Time for the crossed Flag symbol, as we’ve reached the Halfway point of this arduous story Ladies and Germs…
Otay, we’ve finally gotten to the Yank’ driver Y’all were expecting to be on this informal list of Triple Crown Sports Car winners. With another forgotten Great behind Him…
Birthplace: Houston, Texas
DOB: January 16, 1935, Age: 88
Wins: Le Mans, 1967; Daytona, (2) 1983, 1985 and Sebring 1985
Arguably known as thee “GOAT”, nee Greatest Of All time racing driver, Anthony Joesph Foyt Jr’s feat of accomplishments in motor racing are simply too long to attempt typing! Not to mention Y’all cannot adequately put into words everything ‘Ol SuperTex’ has done!
We All know that Foyt became the first driver to win the Indianapolis 500 four times between 1961-1977, for which only three other drivers had joined A.J. in this rarefied club of Four-times winners, i.e.; foyt, Al Unser, Rick Mears and Groan, Helio Castroneves.
Foyt is the only driver to have won the Indianapolis 500, 24 Hours of Le Mans, Daytona 500 and 24 Hours of Daytona. His tally of 67 career IndyCar wins, seven Championships and 35 consecutive Indy 500 starts are all records that continue to endure.
Along with being the only driver on this list to have won races in front and rear engine Open Wheel Racing cars. Not to mention winning the Indy 500 both as a driver and team owner…
A.J. began His racing career competing in USAC Midgets at age 18, making His debut in 1953 before progressing to Sprint Cars three years later. Foyt made His Indianapolis 500 debut in 1958 after His impressive 1957 USAC Sprint Car win at Salem, Indiana firmly put Him on the radar of USAC team owners. Foyt won His first Indy 500 in 1961 and as they say, the rest was History!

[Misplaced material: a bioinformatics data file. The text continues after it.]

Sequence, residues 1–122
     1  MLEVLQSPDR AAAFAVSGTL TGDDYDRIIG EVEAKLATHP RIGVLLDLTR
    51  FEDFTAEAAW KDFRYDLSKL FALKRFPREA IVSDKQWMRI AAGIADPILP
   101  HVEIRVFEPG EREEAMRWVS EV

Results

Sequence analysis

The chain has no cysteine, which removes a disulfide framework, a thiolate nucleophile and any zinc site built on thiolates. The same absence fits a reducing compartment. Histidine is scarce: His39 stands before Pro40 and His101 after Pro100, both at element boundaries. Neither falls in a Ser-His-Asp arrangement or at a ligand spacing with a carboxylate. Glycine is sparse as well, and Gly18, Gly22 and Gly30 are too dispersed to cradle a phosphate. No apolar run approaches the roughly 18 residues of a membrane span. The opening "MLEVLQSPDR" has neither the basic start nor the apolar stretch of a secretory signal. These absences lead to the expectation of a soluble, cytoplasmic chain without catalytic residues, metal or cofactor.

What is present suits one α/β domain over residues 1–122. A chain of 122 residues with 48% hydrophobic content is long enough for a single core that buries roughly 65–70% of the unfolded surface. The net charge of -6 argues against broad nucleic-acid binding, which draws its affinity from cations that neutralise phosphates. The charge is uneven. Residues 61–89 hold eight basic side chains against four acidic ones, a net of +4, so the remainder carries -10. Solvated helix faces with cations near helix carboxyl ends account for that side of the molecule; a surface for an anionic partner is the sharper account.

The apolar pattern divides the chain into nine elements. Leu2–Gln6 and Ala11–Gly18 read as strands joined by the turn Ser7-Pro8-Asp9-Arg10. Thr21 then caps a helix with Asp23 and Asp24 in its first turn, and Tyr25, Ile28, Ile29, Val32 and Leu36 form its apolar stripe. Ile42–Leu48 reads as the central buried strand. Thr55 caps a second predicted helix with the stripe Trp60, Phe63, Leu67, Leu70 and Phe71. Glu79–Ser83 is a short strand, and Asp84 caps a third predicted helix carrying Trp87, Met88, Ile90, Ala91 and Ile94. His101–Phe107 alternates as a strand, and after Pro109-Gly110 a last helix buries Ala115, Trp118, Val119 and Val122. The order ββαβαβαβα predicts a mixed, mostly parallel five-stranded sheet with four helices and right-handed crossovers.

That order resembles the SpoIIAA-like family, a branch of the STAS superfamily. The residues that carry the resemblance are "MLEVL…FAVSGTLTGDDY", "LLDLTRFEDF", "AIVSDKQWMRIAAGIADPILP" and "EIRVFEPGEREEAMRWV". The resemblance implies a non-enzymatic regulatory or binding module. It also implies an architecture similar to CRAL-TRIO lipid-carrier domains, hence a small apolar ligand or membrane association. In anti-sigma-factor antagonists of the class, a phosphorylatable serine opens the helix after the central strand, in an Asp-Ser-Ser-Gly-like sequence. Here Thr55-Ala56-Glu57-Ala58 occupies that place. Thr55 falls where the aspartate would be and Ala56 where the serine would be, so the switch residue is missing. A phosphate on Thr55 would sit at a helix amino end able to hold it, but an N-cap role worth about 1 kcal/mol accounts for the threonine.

A.J. holds the record for ten wins in the 14 race 1964 USAC National Championship Trail season, along with a record 159 USAC victories. But Hey! I said I wasn’t gonna try typing up All of His accomplishments! As it’s funny to think that Sports Car racing was just an “Afterthought” for Foyt. Whilst reportedly the brash Texan angered the French by telling them that the Mulsanne Straight was nothing more than a ‘lil ‘Ol country Road…
As Foyt won His one and only outing at Circuit de la Sarthe in the All conquering Shelby Ford GT40 Mk IV in 1967 with Dan Gurney. And then won twice at Daytona and Sebring in the early 1980’s behind the keyboard of those Porsche 962 Panzerwagons.
Tend to recall that the late Bob Wollek, a four times Rolex 24 winner initially didn’t want to drive with Foyt, or didn’t think He was that great of a driver. But Monsieur Wollek begrudgingly came to respect Foyt’s driving prowess after the pair had won at Daytona and Sebring.
Yet for everything Y’all can say about ‘Ol SuperTex’, my favourite three memories are of Him blaming that Damn Coogan! Along with Foyt Hammerin’ the Shit outta an offending IndyCar’s recalcitrant Pop Off valve with a Craftsman rachet! And pummeling the Crap outta an Engineer’s laptop after one of His cars had run out of fuel!
Whilst obviously I’m dating myself by telling Y’all I got to see Foyt running around at the rear of the field in His iconic black Copenhagen IndyCar multiple times at Portland International Raceway. Along with His arch nemesis Mario Andretti…